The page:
Mejias, Sam

Dr Sam Mejias  

Department

Position held

Experience keywords:

Curriculum Development; Education and Workshop Facilitation; Monitoring and Evaluation; Multimedia (Audio and Visual) Creative Production and Editing; Programme and Project Management; ethnography; qualitative research methods

Sectors and industries to which research relates:

Consultancy; Creative Industries and Culture; Media Technology and New Media

Countries and regions to which research relates:

Caribbean; EU; East Africa; Haiti; Kenya; Madagascar; Malawi; Tanzania; UK; USA; Uganda

Languages:

French [Spoken: Intermediate, Written: Intermediate]

Contact Points

LSE email:

s.mejias@lse.ac.uk

Alt email:

sammejias@gmail.com

Publications

Publications information for this expert is not available.

Expert Image

Short bio >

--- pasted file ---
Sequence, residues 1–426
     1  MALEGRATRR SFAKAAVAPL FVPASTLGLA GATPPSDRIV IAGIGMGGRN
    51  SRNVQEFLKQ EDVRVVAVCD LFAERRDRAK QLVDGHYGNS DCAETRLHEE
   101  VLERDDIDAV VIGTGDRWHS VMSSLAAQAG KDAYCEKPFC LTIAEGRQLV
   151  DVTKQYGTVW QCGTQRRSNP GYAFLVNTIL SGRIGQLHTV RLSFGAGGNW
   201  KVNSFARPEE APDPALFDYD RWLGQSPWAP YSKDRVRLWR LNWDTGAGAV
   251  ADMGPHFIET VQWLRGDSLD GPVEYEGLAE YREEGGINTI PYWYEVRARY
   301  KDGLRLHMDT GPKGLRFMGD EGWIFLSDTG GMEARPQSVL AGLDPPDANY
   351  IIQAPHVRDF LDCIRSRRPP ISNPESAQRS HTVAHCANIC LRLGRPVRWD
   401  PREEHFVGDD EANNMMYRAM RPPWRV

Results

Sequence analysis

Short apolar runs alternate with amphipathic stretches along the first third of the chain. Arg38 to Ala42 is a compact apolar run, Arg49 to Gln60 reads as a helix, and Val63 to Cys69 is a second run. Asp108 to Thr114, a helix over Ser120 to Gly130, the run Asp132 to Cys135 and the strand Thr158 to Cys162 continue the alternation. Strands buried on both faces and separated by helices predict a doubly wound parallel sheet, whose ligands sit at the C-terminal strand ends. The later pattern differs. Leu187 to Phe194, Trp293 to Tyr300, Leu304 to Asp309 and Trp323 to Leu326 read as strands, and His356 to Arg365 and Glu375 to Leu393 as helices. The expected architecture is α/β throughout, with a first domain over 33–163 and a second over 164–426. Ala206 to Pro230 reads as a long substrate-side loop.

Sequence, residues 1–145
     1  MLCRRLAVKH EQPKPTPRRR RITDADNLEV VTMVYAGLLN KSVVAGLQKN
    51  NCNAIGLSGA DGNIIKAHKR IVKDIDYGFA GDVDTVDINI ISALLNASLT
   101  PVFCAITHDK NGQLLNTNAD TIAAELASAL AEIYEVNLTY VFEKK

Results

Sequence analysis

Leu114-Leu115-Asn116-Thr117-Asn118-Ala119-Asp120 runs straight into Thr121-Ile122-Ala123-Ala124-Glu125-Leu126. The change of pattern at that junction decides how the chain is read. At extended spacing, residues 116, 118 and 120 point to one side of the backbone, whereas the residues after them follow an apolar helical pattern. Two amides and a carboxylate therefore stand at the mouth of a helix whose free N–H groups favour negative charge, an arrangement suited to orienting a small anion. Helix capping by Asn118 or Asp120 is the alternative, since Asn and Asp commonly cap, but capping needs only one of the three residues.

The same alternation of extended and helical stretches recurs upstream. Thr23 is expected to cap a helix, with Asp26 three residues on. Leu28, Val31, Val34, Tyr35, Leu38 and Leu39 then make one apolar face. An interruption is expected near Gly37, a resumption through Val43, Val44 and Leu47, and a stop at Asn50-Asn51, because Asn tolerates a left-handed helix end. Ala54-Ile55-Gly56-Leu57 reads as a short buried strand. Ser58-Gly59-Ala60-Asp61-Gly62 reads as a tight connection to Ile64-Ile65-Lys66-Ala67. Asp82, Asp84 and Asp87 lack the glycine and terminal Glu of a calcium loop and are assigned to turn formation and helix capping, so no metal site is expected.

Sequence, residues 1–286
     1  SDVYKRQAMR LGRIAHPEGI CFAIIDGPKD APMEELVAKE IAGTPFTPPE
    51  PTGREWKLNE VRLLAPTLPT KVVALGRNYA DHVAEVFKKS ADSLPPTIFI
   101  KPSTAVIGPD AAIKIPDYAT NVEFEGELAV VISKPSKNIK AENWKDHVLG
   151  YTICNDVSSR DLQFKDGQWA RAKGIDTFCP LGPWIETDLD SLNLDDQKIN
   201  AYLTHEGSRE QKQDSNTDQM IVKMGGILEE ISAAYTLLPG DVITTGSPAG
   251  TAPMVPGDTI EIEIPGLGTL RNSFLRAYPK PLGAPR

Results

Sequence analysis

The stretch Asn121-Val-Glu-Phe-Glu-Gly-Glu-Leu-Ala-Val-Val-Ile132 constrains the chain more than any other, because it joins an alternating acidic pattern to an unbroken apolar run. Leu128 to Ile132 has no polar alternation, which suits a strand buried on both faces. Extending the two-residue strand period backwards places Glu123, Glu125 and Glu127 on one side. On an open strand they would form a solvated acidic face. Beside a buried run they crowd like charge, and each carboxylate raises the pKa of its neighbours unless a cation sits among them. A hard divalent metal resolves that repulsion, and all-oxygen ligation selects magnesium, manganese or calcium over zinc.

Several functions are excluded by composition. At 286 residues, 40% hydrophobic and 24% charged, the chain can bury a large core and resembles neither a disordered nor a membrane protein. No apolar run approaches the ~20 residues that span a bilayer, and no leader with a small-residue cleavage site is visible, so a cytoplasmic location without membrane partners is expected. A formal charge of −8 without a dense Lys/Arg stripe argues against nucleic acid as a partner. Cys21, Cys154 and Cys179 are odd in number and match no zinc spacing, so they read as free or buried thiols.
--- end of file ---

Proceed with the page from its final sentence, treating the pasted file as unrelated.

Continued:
Dr Sam Mejias is a researcher specialising in the fields of human rights and citizenship education, international educational development, youth media, and media for development. He holds a PhD in Education from the UCL Institute of Education and a Master’s degree in International Educational Development from Columbia University Teachers College. He is currently the Research Officer at the Department of Media and Communications for the Catch-EyoU project, a multi-country European Commission Horizon 2020 project running from 2015-2018. Dr Mejias’ past work includes development research for BBC Media Action, UNICEF and the Economist; academic research at UCL Institute of Education; curriculum development for Amnesty International and the British Institute of International and Comparative Law; and film and music production on freelance multimedia projects. Dr Mejias’ doctoral research consisted of a two-year ethnographic study of Amnesty International’s Human Rights Friendly Schools project. The research explored the potential limits of human rights education and other forms of global citizenship education in helping schools become more ‘utopian,’ examining the influence of neoliberal policies and pragmatic concerns on school management and teaching practices, and investigating the relationship between rights-based discourses and school-based micropolitical activity.

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